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Texas Supreme Court affirms employers not responsible for contractor negligence

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in Compensation and Benefits,Human Resources

Good news: The Texas Supreme Court has refused to create new liability for organizations that do work through independent contractors. The case points out how important it is to make sure independent contractors stay that way.
    Recent case: Central Ready Mix Concrete Company contracted with a former employee to periodically clean out its cement mixer trucks. Cement cakes on the inside of the drums and must be jackhammered out. Because the process is dangerous, Central provided the independent contractor, Eugene Taylor, with detailed instructions.
    Unfortunately for one of Taylor’s employees, Taylor ignored the instructions. The result was that while one of Taylor’s employees was inside a drum, someone turned it on, crushing the employee’s pelvis.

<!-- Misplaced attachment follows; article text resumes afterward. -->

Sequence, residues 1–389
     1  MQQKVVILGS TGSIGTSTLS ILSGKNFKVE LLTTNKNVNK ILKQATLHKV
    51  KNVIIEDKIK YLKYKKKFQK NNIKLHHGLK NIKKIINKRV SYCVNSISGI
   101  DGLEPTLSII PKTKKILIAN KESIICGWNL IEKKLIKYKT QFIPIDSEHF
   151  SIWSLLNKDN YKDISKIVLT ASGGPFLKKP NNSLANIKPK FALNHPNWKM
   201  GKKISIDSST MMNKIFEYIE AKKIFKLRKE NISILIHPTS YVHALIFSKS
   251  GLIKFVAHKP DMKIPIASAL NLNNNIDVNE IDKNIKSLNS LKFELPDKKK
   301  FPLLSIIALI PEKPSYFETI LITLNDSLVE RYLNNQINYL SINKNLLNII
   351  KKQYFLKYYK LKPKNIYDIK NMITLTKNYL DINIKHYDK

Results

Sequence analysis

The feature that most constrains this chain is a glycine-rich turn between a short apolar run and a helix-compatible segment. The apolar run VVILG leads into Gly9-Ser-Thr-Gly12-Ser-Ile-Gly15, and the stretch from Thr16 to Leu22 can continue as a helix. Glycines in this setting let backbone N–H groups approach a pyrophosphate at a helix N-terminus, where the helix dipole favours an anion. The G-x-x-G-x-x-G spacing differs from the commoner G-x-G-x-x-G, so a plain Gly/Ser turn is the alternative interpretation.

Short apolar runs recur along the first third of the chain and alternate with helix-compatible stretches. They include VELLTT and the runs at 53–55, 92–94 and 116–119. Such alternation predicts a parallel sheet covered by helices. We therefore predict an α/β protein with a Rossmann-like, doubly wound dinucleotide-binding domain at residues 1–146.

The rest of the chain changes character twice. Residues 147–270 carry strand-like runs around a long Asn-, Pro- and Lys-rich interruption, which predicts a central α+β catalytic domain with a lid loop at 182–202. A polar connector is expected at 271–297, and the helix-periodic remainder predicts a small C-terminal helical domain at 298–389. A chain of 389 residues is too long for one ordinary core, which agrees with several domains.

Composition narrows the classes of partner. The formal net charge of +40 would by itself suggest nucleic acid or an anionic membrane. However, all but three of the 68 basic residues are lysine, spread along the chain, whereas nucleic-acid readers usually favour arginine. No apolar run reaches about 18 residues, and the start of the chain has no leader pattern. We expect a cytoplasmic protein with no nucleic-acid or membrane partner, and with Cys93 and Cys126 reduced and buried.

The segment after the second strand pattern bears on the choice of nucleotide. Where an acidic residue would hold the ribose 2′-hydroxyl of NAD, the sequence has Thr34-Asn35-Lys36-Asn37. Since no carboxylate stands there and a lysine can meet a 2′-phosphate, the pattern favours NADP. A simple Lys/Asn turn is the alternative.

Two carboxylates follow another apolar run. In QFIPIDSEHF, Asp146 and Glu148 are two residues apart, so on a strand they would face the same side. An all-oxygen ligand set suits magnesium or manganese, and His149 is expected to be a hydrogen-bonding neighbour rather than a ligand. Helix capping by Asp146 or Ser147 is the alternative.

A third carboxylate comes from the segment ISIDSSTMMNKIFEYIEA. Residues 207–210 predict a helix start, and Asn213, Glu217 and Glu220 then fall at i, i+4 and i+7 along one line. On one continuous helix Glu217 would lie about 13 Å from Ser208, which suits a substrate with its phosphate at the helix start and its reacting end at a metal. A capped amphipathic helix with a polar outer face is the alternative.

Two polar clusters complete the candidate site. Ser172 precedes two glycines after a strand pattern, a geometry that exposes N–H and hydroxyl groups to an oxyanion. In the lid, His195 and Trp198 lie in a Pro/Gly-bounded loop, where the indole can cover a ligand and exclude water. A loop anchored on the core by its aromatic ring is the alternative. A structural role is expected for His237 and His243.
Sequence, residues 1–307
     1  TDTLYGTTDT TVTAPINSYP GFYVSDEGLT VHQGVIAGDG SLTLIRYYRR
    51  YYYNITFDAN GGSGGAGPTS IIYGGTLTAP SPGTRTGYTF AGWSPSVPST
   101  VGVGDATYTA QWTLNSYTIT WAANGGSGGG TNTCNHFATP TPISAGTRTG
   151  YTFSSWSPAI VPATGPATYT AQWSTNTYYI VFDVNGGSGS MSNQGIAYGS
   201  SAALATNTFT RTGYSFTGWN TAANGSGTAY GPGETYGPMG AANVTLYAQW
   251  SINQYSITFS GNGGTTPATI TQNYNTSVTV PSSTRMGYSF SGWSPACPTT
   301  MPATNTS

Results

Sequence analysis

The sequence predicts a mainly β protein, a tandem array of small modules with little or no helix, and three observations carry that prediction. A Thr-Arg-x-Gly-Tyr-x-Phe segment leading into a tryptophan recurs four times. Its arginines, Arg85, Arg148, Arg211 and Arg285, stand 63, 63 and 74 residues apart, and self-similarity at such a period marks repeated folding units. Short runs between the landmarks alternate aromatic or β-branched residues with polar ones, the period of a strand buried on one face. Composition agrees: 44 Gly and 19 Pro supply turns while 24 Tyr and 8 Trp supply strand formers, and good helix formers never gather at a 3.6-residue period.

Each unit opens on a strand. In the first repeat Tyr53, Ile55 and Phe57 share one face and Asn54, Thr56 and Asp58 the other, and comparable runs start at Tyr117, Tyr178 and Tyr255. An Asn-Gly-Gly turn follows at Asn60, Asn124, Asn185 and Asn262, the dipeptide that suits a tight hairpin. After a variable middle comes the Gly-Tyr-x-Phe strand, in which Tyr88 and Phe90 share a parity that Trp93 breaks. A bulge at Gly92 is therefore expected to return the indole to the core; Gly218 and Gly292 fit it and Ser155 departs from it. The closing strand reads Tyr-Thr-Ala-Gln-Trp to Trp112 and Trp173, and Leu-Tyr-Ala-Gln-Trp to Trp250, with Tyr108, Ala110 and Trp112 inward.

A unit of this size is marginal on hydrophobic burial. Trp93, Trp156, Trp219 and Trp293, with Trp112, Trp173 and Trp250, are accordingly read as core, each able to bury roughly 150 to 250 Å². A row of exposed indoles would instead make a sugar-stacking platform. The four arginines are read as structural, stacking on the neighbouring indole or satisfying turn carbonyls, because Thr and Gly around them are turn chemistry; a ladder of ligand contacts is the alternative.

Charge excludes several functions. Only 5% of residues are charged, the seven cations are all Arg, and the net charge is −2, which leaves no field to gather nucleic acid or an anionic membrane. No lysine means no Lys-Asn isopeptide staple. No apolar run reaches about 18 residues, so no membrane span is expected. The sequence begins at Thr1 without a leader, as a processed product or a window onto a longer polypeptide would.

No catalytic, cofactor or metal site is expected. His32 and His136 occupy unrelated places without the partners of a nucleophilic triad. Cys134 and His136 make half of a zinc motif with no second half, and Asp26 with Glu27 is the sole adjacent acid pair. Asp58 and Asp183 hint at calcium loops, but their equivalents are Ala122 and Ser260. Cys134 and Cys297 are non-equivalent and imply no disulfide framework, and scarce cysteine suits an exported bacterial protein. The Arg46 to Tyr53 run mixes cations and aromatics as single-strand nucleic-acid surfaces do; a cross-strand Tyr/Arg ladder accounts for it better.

The employee sued Taylor and Central Ready Mix for negligence. (Taylor carried no workers’ compensation insurance.) A jury awarded $290,700 in damages and assigned 70% of the fault to Taylor, 20% to Central Ready Mix and 10% to the employee. Central Ready Mix asked to be dropped from the lawsuit, and the judge agreed, concluding that the company had no duty to protect an independent contractor’s employees. The employee appealed and the Texas Court of Appeals reversed.
    But Central Ready Mix appealed to the Texas Supreme Court, which sided with the company. It concluded there was no liability on Central Ready Mix’s part. The court looked at how little control the company had over the entire cleaning process and how much control Taylor had. Because Taylor was a true independent contractor, he was liable for the injuries. (Central Ready Mix Concrete Company v. Islas, No. 05-0940, Supreme Court of Texas, 2007)
    Final note: Not sure if the contract you are signing with an independent contractor does what you intend? It’s probably a good idea to have it reviewed by counsel. After all, you don’t want to be on the receiving end of a negligence lawsuit by your independent contractor’s employee. As a rule of thumb, the more control you try to exercise over an independent contractor, the more likely a court will consider him your actual employee.

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